11. The edges wrong in all our ears. How lovely! I really like that you don’t have a problem sounding like your mother – A lot of mothers do. I can feel your daughter’s straight little back as you push her in the swing.

  12. This brings such beautiful imagery to my mind, of your life as a child and of the life that you are giving your children. Beautiful as only you can do, Galit.

  13. Oh Galit – your writing is amazing. Taking my breath away with each word…xoxo

  14. I think as mothers we all want that; to recreate those special moments with our mothers and give those gifts to our children. Wonderful as always Galit!

  15. As always Galit, you writing is captivating. You have this great gift of melding the past and the present often seamlessly. Beautiful!

  16. thank you for this glimpse into your life, the hearkening back to your childhood and how in your mind you can hear both your mother and the sound of you sounding like your mother. Such tenderness and so much communicated in this seconds-long look that it takes to swing back and forth pushing a small back :)

  17. Carrying on simple traditions is a wonderful way to share your legacy. I love the flow of your words.

  18. You are incredible. I was standing in your moment with you. Wonderful imagery and such a tender moment. Thanks for sharing!

  19. Wonderful, I love that your culture is wedged in your memories, intertwined enough to teach your children their heritage naturally.

  20. I do love your verbal brushstrokes. The marks of a life fully lives are all over you and your writing, and the way you bring that life alive on the page is a wonder to me. Every time.

  21. Ooh ooh! Yay! I get to say it because I don’t think anyone else did.

    This line was the perfect thread with which to finish your tapestry:

    “We are thousands of miles and a world and a half away, but my hand presses their backs just as my Mother’s pressed mine.”

    I’m not the sewing type, so if a people don’t use thread to weave a tapestry, I apologize.

    But it doesn’t matter. Because you? Use words.

    Love.

  22. Why don’t I know this song?

    What a beautiful memory of you and your mom and a wonderful way to pass along a tradition to your child. You describe everything so beautifully. Great post, my friend.

  23. With your words, I am always right there next to you, not just with the scene but the feelings too. This piece filled me with such peace but also longing. Nicely done!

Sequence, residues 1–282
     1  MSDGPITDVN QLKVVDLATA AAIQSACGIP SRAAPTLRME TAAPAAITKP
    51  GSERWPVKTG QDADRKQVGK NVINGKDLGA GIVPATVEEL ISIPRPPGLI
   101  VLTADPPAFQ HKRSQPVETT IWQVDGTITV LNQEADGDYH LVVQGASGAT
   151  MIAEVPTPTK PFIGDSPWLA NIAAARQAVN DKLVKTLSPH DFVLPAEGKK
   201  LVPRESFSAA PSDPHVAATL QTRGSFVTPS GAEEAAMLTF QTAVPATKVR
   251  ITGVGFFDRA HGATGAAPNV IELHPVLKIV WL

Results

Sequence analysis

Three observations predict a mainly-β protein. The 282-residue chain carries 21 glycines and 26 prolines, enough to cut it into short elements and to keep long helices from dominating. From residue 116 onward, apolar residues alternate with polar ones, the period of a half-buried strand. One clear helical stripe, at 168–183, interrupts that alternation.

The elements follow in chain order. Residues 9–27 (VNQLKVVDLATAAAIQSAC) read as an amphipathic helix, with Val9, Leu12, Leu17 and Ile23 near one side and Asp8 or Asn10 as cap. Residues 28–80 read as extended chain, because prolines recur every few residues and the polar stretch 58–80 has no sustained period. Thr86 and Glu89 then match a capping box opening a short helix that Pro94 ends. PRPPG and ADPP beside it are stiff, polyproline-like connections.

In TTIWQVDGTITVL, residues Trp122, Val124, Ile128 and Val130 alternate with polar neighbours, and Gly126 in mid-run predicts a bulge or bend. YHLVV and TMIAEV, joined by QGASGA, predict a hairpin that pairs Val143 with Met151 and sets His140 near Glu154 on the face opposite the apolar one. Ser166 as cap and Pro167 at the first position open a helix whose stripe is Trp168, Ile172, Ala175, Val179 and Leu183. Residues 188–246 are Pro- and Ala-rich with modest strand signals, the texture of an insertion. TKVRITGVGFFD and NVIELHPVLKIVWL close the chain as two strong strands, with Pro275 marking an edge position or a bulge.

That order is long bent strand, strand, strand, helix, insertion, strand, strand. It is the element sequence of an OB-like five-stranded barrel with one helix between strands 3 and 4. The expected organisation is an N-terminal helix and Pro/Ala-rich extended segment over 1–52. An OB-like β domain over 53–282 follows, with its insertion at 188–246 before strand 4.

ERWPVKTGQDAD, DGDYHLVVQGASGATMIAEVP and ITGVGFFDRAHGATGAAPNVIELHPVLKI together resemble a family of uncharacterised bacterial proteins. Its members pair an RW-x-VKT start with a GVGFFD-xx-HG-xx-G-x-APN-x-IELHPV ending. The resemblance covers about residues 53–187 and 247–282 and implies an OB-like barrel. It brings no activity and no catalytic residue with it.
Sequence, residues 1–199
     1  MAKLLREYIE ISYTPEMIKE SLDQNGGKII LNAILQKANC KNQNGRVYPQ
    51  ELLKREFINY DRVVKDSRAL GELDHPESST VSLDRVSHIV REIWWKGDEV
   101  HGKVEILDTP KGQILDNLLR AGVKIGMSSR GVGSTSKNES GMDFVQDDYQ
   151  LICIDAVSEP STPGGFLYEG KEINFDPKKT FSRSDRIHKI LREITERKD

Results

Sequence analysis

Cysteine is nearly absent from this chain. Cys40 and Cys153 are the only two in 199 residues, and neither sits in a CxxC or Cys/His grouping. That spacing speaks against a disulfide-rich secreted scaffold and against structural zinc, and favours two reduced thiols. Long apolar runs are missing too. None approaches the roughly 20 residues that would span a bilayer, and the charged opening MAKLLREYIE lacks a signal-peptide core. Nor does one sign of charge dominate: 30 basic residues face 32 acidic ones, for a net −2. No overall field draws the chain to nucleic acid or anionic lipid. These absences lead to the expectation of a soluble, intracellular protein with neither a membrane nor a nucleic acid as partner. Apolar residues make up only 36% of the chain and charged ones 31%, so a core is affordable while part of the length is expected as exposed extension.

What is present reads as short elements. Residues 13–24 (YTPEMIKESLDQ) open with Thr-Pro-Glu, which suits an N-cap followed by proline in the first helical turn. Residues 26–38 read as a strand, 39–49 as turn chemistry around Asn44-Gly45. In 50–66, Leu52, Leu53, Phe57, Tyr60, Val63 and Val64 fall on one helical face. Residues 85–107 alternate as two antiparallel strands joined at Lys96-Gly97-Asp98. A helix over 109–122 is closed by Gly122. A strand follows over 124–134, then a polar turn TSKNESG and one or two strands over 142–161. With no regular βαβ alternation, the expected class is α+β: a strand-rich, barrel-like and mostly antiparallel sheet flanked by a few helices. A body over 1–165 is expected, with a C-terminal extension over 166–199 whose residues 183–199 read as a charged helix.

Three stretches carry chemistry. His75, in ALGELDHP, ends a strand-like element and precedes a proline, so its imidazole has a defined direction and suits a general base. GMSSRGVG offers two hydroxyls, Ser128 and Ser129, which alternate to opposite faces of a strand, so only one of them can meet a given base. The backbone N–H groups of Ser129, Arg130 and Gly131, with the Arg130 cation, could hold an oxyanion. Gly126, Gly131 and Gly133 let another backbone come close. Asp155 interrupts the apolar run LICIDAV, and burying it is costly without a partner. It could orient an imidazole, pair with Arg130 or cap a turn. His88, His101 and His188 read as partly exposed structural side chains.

24. I love that the structure of the piece has the same feel as being pushed on a swing. You seamlessly flow between your present and your past here, swinging between Chloe and your mother twice. Your love for them both, expressed most clearly through the description of Chloe’s chubby toddler thighs and your fight to resist scooping her up and hugging her, and your memory of your hand in your small but strong mother’s hand, rings so loudly that you almost become an object rather than the narrator.

    This captured perfectly the essence of nostalgia that permeates happy if lost moments.

  25. Amazing. Every prompt you bring to life. I loved this. Simple and sweet!

  26. Its the simple acts that we remember most. I found myself only remembering those things too. Lovely story :)

  27. Oh, I love that. Such a sweet, peaceful memory.

  28. simply beautiful. love the elegant description of this perfect moment. I sing my daughter Hashkiveinu every night before she falls asleep because it was sung to me in my childhood. Something about the continuity makes it all the more precious.

  29. How do you do it? So simple but always touches my heart. You beautiful author, you. Swinging is like meditation. I want one just my size! Then my kids and I can swing together forever:)

  30. you make me cry every.single.time.

    I love thinking of your hand on her back, just like your moms on yours. What a gorgeous memory you let us sneak a peak at :)

    xo

  31. Beautiful!! I agree with AmyBeth…I skipped to yours first too :)

  32. Beautiful! I love the imagery and the connection between past and present.